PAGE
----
It was not easy to reach our place: our visitors were forced to land in Toch, a high land village, because by then our airstrip was completely flooded. They had to travel for about three hours by boat together with our goods. The youth and the people started marching around, singing and beating drums from midday onwards. They were getting ready to welcome the important guests. Hours passed, one after the other. I asked myself: how can they sing for hours without losing their voices? The sun set and everyone went back to the church. Fr. Christian remained at the river, feeding all the mosquitoes and waiting for the guests. At around 7.30 p.m. they finally arrived. They were warmly received by our Christian community in the church; then we finally had our visitors at home. Providentially they arrived with all the goods among which there were also the two beds and mattresses where they would have slept on. Fr. Christian had to give up his room to find place among the tools of the workshop whereas Fr. Gregor lied among the books of his veranda.
During the visit we had time to stay together and share about our missionary joys and preoccupations. The visit started officially with the Sunday Mass on the following day. In the afternoon we gathered again in the front of the church where there was a special welcome celebration. It was a moment of dances, plays and songs. At the end Fr. Jeremias received a chicken, a goat, a calabash for food and a gourd for milk. As we didn’t manage to book a seat on the flight for the chicken and the goat, they remained with us and enriched our diet.
The following day was reserved mostly for the issues regarding our Comboni community. It is always good to receive some encouragement and support for what we are doing in our mission. There was time to have our personal meetings with Fr. Jeremias and to meet together as community. When presenting the situation of our congregation and our province we heard about the usual preoccupations: personnel and issues of handing over our parishes. How can we go ahead serving people better when we are few? We are aware that our time is hard and our congregation needs more prayers for vocations. This occasion was also a time of changes of personnel. Fr. Daniele was very grateful for the work of Fr. Christian, his passion, commitment and dedication for the Nuer people. There were also warm words to welcome me into the new community of Old Fangak.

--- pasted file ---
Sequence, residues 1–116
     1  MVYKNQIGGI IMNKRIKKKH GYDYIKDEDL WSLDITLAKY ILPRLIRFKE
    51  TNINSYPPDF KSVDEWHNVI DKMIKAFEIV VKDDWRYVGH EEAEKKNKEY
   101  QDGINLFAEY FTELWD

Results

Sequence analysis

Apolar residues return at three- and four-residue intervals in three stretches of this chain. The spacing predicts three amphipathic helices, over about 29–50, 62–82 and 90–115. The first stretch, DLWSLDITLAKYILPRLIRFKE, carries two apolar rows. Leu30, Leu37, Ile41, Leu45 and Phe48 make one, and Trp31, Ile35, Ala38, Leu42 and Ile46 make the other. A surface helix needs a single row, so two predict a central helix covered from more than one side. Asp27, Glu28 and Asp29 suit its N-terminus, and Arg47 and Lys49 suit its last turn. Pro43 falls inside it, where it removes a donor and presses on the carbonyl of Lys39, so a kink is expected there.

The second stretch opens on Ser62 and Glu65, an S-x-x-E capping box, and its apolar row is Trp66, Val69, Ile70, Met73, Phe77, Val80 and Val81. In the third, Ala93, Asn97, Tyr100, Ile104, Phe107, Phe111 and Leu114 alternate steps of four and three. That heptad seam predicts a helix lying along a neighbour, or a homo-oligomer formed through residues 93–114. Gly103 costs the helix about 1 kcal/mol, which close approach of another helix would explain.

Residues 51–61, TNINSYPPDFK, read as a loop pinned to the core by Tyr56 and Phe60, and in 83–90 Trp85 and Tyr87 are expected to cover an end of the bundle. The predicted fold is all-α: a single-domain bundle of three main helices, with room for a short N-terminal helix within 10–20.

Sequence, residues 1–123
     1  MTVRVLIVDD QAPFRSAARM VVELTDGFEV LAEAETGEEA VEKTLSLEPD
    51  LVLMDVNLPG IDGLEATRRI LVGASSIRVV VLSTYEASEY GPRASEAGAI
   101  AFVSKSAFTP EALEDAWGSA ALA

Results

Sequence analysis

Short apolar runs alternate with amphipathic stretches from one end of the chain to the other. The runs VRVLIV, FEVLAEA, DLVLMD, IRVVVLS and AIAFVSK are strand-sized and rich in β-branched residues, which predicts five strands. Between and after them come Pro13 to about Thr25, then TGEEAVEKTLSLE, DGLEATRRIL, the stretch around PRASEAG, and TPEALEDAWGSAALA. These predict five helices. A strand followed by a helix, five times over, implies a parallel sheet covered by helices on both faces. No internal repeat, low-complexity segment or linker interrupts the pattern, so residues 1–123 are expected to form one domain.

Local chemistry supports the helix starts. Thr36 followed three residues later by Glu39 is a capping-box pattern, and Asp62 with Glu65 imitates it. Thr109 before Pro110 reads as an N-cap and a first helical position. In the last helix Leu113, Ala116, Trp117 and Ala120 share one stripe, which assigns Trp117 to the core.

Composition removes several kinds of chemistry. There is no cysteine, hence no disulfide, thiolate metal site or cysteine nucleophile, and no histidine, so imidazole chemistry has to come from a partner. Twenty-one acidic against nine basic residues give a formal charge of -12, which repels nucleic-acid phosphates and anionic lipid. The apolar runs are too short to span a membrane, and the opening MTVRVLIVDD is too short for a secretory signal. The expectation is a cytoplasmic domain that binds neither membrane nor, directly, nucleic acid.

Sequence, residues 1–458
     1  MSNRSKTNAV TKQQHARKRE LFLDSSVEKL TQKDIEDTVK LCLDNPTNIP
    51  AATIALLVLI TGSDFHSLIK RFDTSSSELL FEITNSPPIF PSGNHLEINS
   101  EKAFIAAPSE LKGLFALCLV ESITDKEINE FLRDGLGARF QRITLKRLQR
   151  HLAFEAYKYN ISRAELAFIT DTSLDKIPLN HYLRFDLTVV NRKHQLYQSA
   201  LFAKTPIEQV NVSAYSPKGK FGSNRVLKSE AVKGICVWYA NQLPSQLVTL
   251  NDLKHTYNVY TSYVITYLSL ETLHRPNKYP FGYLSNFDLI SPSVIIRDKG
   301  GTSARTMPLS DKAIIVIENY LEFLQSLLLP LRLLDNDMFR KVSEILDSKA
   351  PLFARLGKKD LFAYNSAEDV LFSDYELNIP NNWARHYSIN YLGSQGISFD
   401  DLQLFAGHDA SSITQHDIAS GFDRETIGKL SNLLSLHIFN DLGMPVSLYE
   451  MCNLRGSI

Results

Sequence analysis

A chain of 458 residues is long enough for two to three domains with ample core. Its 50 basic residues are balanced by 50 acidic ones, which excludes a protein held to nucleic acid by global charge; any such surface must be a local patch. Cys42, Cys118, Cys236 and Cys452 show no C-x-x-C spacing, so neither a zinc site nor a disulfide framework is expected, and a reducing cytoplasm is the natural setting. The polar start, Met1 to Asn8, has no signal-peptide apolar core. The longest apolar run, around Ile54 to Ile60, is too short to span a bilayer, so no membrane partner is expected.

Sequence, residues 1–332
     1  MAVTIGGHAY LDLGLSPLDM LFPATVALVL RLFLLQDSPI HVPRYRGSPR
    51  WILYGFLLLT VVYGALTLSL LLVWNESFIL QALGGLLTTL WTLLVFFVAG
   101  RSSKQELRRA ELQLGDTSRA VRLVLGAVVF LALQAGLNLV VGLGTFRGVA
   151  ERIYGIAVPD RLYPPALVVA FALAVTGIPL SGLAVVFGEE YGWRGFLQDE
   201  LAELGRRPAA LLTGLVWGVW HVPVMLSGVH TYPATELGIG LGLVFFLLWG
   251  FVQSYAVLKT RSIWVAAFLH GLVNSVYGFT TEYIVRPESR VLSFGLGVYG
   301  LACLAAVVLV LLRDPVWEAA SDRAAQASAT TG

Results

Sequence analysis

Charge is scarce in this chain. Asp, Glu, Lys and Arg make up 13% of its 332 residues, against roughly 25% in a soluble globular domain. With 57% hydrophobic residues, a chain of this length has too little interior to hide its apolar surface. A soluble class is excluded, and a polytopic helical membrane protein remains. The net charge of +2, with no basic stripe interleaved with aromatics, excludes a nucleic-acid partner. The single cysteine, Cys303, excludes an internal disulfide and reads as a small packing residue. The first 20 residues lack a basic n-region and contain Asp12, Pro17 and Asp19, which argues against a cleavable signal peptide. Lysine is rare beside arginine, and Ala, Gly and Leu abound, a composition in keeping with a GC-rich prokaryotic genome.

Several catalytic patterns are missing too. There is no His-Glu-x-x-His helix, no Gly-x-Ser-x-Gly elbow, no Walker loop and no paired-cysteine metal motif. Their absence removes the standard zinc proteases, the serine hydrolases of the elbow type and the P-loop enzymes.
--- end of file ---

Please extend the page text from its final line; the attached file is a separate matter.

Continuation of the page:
During the meeting with the catechists and the leaders, they expressed their joy and happiness. They had also the chance to list their expectations from our congregation. Apart from a Secondary School, a grinding mill and a long fence for the garden, there were also requests for sisters and have back one brother in the mission. Fr. Jeremias took note of their requests but did not promise anything especially in this uncertain time. We have to work for peace in the country, Fr. Jeremias answered.